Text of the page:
Avoiding a political football

Published 10:38 pm Thursday, October 16, 2008

As I awaited the presidential debate Wednesday night, I decided to watch our local political leaders of the City Council perform their monthly ritual.

The good news was that the city’s bond ratings have improved. And why not? Earlier in the day I received my real estate tax bill to discover an increase of 9.14 percent in taxes due by Dec. 5. Well, I felt relieved to know that I was improving the bond rating by giving more to the city.

What I really desire to address is what happened next at the council meeting. Councilman Leroy Bennett proposed a grant/gift/infusion to the ICCA of $1500 to help in their expenses.

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What a great time to present this! Our bond rating is improving, all the residents of the city are pouring more money into the city coffers via real estate and personal property taxes, and we need to start giving it away as soon as possible to the first group to ask for it (just prior to the election of our council and the first elected mayor).

I am all for ICCA and what it represents. I grew up in the old city of Suffolk during the age when each inner-city neighborhood had a park with counselors or park leaders. When the summer ended, so did the counselors’ jobs. Children drifted to the unsupervised facilities provided by the parks, or they walked or biked to the Birdsong Recreation Center for organized fall and winter activities.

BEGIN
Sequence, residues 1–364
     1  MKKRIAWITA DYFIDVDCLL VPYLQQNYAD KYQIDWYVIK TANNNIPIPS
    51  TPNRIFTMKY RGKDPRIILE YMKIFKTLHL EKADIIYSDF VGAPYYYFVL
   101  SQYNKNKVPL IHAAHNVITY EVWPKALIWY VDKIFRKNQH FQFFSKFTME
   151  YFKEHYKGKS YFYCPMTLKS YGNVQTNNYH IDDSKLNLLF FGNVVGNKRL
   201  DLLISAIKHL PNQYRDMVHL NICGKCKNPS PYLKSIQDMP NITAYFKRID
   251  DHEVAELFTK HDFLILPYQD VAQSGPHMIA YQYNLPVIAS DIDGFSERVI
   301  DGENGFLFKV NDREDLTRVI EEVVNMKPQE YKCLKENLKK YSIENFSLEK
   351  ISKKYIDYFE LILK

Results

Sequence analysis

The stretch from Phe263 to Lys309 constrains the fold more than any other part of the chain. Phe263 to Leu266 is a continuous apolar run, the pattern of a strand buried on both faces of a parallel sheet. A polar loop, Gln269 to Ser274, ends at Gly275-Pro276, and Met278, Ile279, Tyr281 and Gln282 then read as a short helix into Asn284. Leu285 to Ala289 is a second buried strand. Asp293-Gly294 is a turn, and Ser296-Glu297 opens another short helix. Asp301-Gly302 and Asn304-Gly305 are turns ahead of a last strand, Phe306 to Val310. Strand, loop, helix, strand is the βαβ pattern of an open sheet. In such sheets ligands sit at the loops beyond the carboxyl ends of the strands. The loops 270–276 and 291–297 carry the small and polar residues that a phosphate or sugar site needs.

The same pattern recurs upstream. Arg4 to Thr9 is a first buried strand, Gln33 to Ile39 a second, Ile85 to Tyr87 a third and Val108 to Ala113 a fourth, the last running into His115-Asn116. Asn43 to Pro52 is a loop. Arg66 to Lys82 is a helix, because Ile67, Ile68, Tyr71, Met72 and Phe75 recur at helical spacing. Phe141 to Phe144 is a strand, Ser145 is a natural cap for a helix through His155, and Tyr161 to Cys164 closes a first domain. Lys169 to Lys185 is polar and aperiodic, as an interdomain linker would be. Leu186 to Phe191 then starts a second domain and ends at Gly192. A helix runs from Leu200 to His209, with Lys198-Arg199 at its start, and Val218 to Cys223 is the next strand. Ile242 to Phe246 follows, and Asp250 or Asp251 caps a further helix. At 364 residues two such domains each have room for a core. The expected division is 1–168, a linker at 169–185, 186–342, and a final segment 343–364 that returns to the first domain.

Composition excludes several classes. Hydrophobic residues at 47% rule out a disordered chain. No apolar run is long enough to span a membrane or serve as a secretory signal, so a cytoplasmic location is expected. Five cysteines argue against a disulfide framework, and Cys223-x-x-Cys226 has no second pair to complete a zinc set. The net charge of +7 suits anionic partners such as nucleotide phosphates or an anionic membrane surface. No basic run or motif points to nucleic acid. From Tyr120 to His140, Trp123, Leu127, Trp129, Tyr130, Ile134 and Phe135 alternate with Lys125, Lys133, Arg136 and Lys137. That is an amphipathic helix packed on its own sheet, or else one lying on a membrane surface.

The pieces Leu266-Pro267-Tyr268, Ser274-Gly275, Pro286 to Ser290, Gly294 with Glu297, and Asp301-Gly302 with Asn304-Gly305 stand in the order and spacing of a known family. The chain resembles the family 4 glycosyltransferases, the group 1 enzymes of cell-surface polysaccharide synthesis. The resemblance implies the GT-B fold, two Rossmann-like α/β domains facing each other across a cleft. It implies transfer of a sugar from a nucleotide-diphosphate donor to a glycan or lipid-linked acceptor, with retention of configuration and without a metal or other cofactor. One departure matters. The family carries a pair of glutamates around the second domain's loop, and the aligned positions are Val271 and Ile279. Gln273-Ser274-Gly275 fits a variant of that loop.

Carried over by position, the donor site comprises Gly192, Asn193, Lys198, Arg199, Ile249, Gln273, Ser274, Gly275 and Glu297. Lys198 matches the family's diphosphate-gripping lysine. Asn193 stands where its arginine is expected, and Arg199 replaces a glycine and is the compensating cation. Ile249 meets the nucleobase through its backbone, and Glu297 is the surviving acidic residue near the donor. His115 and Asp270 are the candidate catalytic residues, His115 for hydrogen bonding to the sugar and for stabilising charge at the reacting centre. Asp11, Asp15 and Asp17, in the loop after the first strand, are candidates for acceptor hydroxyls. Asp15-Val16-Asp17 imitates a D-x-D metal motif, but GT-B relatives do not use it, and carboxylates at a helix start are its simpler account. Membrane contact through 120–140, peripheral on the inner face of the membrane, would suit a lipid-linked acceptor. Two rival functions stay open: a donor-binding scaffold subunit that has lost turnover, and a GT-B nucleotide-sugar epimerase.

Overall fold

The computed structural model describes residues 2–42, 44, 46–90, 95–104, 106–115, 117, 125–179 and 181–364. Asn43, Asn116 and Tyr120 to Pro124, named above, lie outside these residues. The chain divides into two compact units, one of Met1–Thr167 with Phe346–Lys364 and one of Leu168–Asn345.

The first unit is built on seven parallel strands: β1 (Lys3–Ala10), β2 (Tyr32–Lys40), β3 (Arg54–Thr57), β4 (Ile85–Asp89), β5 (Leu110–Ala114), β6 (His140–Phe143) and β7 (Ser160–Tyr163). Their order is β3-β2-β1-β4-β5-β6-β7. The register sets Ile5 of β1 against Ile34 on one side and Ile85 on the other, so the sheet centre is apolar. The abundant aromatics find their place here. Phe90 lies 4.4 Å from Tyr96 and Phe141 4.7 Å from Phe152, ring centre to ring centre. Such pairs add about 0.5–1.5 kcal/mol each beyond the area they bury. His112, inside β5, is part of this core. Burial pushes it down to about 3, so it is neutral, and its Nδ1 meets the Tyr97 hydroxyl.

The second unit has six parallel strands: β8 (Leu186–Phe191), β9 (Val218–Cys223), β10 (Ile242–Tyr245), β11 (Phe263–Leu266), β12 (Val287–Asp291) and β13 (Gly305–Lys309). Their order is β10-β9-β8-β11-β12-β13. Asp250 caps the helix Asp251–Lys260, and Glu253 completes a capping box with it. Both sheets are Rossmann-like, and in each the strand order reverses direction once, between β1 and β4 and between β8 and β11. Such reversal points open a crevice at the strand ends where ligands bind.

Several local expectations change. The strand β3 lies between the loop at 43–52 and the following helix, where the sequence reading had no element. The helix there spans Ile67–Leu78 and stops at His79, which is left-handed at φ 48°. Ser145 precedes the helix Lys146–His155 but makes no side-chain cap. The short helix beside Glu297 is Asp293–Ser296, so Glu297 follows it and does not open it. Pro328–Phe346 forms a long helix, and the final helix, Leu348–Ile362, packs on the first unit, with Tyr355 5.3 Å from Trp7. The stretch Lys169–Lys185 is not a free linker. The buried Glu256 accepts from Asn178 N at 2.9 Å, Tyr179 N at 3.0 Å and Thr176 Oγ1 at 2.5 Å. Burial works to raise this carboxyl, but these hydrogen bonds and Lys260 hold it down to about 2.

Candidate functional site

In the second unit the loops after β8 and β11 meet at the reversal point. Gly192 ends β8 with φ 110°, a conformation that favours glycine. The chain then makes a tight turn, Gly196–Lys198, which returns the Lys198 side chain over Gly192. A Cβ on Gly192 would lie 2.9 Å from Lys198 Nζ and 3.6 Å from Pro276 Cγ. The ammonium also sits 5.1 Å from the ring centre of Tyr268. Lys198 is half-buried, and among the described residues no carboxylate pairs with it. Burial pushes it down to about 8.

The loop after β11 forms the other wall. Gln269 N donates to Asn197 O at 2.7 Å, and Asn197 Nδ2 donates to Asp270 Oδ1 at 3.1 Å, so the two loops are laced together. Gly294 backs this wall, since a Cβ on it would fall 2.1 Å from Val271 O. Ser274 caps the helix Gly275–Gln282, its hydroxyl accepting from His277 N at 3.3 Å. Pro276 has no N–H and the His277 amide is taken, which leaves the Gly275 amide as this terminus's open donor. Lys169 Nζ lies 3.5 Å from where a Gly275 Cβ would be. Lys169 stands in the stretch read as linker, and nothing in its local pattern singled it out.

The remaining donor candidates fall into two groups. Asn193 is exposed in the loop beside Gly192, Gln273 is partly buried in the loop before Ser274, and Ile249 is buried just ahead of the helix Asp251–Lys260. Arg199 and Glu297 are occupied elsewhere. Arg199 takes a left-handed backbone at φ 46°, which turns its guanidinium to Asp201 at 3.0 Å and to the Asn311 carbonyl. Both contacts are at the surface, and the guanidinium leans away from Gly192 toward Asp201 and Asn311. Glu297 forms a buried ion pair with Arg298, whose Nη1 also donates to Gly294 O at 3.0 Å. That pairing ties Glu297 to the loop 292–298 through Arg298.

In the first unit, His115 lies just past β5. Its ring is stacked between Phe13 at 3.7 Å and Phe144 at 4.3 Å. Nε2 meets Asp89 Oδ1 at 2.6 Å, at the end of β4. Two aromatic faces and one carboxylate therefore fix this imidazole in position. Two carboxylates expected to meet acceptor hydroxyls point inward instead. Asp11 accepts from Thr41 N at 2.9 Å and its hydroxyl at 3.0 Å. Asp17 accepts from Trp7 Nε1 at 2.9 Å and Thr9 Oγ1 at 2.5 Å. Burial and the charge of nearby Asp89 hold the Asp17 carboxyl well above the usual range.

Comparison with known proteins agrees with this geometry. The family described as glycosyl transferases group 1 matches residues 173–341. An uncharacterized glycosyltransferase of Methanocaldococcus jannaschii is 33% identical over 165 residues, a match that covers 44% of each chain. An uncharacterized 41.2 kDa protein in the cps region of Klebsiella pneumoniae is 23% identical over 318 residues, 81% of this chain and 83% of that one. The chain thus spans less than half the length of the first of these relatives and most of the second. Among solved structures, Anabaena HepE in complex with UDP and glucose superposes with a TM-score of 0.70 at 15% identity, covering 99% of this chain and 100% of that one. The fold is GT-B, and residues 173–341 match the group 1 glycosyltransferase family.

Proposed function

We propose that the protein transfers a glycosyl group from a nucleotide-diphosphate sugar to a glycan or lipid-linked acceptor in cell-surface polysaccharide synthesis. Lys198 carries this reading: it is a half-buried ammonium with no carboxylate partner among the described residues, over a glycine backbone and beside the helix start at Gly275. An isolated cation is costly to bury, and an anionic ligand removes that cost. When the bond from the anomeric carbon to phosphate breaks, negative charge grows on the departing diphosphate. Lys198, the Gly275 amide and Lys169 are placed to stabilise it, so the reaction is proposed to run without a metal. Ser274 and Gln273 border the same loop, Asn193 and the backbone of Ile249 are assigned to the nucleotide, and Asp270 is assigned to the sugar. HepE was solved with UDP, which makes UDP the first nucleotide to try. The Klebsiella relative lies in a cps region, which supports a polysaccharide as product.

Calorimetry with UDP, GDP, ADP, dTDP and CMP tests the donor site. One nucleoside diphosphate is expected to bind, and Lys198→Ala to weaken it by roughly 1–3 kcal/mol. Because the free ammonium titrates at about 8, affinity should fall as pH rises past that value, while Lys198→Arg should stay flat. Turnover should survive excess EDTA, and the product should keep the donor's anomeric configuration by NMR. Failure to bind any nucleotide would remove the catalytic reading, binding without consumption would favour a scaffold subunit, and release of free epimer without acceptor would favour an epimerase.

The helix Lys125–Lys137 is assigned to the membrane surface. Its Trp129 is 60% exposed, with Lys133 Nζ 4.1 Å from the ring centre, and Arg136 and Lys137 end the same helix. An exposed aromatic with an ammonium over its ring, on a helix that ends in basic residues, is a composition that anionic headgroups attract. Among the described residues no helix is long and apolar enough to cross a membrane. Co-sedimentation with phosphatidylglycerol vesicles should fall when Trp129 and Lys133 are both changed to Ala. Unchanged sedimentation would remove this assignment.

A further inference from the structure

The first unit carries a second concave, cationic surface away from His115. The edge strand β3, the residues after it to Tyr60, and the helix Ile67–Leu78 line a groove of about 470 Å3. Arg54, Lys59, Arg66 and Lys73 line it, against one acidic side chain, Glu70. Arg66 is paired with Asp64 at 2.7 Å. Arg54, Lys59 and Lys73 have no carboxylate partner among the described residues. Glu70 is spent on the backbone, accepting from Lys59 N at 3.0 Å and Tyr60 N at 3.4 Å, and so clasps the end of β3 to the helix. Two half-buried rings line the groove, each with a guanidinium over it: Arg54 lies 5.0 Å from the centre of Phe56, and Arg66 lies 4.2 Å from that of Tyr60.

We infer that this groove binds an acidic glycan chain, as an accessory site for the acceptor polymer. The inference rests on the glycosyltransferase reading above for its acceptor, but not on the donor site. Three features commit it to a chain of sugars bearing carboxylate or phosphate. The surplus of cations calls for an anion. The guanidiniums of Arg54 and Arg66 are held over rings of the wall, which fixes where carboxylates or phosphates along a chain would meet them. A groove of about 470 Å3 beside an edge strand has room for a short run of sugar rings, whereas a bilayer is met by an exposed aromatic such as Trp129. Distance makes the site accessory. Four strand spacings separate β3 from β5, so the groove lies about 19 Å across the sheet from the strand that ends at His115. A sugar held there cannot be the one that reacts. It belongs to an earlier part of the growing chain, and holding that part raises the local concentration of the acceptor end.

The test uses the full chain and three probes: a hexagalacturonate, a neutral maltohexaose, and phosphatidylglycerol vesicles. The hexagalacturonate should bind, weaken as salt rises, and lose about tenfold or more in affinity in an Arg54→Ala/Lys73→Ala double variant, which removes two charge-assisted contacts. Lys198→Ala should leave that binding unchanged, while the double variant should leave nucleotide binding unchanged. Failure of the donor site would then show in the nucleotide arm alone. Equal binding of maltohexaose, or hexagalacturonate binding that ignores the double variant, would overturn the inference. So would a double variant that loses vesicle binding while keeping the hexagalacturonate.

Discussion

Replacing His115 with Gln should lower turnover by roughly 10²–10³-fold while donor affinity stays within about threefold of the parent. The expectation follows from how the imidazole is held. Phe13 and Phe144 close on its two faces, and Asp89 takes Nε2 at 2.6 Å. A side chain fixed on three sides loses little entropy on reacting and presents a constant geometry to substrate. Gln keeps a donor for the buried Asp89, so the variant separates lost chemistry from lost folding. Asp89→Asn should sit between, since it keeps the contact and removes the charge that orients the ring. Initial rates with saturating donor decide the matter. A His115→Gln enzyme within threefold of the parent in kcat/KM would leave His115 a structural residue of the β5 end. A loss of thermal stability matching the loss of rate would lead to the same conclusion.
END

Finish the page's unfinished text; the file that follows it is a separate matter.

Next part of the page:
Now, to the political point of this letter. The proposal from Councilman Leroy Bennett grew to $3000 and then to $6000 via Councilman Charles Brown’s proposal. Attempting to keep the matter from becoming a political issue, councilman Parr suggested tabling it until the Nov. 5 meeting, a day after the election.

But Mayor Linda Johnson smelled votes. At first, she wanted more information on the proposed motion and, judging from her body language and comments, was against the proposal.

Amid all the confusion, the council had to vote first on tabling the issue until Nov. 5; the motion failed. Mayor Johnson saw a chance to sway the inner city voters her way.

Then came the vote on Councilman Bennett’s original request, and Mayor Johnson voted “Yes,” along with three other members. “Success!” she must have thought. “I have seized the inner-city vote!”

Mike Debranski would have agreed with councilman Parr: Table this until Nov. 5 to keep it from becoming a political football.